Cyber Caliphate, a hacker group that claims affiliation with ISIS, appears to have defaced the website of Malaysia Airlines on Monday morning.» Read More
The United States remains the largest player in global defense, but that dominance is expected to wane over the next eight years, according to analysis by IHS Jane's Defence.
China's central bank says it is ready to help out local lenders suffering under tight credit conditions, but that doesn't mean the reprieve for banks will last long, analysts say.
The investment bank says the central bank's effort to alleviate the liquidity situation is unlikely to drive a turnaround in the slumping stock market.
China's central bank is right to tame high credit growth and not doing so would have long-term negative consequences, said an official at Moody's Investors Service.
A further spike in U.S. treasury yields and not China's financial instability could be the biggest risk to Asia, analysts say.
First, it was the Japanese who blew into the U.S. to buy famous pieces of landscape. Now another set of deep-pocketed foreign buyers is pushing ever deeper. The NYT reports.
Former director of the U.S. Central Intelligence Agency (CIA) has said the fallout from the Edward Snowden case could be extremely damaging to U.S.-China relations.
The buoyant currency has fallen to its lowest level in more than a month, finally succumbing to jitters about signs of weakness in the economy.
Tougher regulation mean banks in Singapore are struggling to replace the 100 traders who left the market during a rate-fixing probe.
The average wage slave in Shanghai may find it harder than ever to get a job or pay rent, but when it comes to cheap grub, the government is there for them. The FT reports.
Troubles in emerging markets could stretch to the luxury apartment markets in New York City and Miami. But only if you're a single-digit millionaire.
An American businessman in China says workers at his factory are holding him hostage in a dispute over money.
Market veterans Marc Faber and Jim O'Neill — known as Dr. Doom and Mr. BRIC respectively — posted opposite views when asked if the Chinese liquidity crunch was real.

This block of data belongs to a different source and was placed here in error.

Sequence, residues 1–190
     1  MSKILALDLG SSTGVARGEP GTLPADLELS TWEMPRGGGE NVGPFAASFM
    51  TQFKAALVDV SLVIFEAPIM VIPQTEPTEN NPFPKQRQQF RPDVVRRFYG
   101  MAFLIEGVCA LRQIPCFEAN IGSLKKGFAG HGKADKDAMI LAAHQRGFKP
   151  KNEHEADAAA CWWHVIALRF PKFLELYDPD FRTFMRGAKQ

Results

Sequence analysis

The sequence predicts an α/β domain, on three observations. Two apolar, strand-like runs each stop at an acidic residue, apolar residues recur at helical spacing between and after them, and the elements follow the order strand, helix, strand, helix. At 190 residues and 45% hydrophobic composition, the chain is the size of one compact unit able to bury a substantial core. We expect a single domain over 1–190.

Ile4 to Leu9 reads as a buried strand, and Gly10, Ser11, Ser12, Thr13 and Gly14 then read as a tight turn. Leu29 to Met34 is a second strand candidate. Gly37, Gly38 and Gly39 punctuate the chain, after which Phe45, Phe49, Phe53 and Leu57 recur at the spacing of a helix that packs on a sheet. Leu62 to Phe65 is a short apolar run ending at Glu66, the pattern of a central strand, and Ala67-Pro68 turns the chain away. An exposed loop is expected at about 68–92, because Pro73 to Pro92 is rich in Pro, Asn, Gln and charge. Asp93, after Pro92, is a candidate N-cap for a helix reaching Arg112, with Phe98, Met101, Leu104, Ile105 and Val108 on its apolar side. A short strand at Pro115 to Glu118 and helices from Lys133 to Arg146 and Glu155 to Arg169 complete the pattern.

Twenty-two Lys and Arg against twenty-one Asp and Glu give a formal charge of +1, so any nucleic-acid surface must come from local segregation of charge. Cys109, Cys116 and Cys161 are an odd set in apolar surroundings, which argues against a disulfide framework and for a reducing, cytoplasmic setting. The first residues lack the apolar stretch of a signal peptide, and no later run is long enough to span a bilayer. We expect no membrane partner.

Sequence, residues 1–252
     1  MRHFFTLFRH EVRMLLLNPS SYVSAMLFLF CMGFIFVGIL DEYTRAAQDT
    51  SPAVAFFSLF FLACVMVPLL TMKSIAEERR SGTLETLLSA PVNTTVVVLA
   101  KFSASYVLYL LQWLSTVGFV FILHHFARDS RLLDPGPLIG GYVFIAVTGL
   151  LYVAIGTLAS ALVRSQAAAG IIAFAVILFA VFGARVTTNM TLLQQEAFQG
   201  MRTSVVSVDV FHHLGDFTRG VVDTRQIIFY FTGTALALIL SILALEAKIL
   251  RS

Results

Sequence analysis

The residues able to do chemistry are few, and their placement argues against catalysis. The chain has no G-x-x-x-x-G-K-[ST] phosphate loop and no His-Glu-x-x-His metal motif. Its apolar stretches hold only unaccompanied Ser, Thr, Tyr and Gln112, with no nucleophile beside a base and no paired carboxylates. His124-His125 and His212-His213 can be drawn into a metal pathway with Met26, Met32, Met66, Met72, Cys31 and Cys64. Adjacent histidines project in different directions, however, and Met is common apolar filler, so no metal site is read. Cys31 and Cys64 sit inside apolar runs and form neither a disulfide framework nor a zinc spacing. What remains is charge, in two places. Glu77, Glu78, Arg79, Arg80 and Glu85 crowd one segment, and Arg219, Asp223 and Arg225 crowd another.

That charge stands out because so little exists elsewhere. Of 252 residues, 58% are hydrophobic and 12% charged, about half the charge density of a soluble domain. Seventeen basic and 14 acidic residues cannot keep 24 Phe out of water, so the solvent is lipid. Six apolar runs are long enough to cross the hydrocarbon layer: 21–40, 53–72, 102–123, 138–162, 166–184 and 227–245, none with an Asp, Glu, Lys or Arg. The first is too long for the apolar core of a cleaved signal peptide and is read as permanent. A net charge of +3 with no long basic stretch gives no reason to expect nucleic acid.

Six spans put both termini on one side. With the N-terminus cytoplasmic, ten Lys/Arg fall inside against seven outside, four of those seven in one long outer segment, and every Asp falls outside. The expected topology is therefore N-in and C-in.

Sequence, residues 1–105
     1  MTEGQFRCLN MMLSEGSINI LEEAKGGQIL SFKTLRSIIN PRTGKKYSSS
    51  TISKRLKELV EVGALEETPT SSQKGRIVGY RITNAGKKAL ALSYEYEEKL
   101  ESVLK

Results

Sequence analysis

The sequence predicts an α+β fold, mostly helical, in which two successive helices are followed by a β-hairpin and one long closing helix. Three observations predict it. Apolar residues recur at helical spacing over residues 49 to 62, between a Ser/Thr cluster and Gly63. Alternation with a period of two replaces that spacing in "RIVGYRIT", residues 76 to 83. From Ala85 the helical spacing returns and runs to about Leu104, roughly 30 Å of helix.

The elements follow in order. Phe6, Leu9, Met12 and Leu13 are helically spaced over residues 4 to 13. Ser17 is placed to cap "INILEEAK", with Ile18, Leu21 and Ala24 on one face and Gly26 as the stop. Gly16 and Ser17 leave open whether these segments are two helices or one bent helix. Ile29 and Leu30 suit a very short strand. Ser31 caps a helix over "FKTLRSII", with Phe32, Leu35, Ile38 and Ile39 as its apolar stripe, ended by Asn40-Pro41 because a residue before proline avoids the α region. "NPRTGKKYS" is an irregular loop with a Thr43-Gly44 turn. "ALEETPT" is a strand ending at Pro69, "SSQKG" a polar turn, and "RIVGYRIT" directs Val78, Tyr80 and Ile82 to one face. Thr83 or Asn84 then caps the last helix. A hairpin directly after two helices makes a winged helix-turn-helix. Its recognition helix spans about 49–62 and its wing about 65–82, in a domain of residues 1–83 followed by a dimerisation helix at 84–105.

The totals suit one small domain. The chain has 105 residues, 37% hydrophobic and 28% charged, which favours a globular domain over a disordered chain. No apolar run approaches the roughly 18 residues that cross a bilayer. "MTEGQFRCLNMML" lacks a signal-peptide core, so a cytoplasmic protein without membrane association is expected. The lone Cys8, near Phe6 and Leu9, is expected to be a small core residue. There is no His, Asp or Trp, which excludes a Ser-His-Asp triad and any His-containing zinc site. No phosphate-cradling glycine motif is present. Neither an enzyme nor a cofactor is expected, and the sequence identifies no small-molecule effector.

Samsung Electronics is in early talks with the EU antitrust regulator to settle charges that it abused its market position by barring Apple from using an essential mobile phone patent. The talks come after the European Commission told Samsung it was acting unfairly by seeking injunctions against Apple.
System outages at several Chinese banks have exacerbated concerns amongst the public about a credit crunch, after the central bank tightened the availability of funds.
The Shanghai Composite may have erased most of Tuesday's steep losses by the end of the session, but analysts say there is more pain to come.
Less than a week after talk of tapering of U.S. monetary stimulus rattled markets, worries about a credit crunch in China suggest risk appetite may take time to return.
China's central bank is right to stand its ground even as its decision to tolerate a credit squeeze that raises the prospect of slower growth in the world's second biggest economy rattles markets, strategists told CNBC.
There are some signs of distress among Chinese firms because of tighter liquidity conditions, according to one survey.
Indonesia's president has apologized for the forest fires that have blanketed Singapore and Malaysia with thick smog in Southeast Asia's worst air pollution crisis in 16 years.
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Ding Xuedong, Chairman and CEO of China Investment Corporation, says the mainland's sovereign wealth fund is focusing primarily on developed markets, with 30 percent of its exposure in emerging markets.
Michael Every, Head of Financial Markets Research, Asia-Pacific at Rabobank, discusses the tumble in the euro following the results of Greece's election and explains what that means for the U.S. dollar.
Stefan Auer, Associate Professor, University of Hong Kong, discusses whether Greek leftist leader Alexis Tsipras can realize his promise to renegotiate Greece's debt agreements.